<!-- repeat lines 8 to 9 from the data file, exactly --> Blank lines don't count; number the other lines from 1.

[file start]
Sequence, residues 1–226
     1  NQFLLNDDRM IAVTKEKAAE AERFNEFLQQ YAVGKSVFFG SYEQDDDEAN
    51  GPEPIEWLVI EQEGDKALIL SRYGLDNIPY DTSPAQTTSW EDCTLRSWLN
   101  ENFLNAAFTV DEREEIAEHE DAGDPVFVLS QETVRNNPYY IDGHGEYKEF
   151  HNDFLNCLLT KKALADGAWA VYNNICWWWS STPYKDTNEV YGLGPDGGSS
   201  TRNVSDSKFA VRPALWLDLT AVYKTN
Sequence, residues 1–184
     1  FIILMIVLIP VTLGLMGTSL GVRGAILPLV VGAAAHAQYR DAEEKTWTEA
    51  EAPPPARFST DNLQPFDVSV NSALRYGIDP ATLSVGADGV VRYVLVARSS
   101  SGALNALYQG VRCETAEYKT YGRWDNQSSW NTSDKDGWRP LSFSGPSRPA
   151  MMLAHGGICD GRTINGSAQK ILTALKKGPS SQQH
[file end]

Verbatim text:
     1  FIILMIVLIP VTLGLMGTSL GVRGAILPLV VGAAAHAQYR DAEEKTWTEA
    51  EAPPPARFST DNLQPFDVSV NSALRYGIDP ATLSVGADGV VRYVLVARSS